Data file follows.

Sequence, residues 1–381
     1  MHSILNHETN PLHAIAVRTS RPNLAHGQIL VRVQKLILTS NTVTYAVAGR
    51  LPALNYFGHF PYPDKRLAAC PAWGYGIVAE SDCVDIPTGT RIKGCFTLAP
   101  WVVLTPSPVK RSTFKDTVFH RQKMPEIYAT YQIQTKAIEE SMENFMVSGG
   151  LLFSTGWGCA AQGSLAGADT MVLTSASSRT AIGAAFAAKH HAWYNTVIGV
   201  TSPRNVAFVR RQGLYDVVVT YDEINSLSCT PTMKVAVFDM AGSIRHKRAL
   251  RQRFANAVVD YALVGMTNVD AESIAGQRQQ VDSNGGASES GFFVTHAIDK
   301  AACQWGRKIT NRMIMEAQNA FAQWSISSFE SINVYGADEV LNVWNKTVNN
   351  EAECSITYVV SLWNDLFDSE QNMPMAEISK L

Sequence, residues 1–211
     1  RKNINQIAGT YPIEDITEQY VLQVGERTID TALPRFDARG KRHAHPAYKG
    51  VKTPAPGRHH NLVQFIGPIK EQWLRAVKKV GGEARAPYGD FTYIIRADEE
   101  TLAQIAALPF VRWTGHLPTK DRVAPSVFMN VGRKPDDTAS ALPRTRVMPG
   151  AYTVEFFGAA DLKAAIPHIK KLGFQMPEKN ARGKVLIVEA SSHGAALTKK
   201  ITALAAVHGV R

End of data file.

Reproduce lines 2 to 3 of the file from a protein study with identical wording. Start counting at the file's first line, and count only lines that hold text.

     1  MHSILNHETN PLHAIAVRTS RPNLAHGQIL VRVQKLILTS NTVTYAVAGR
    51  LPALNYFGHF PYPDKRLAAC PAWGYGIVAE SDCVDIPTGT RIKGCFTLAP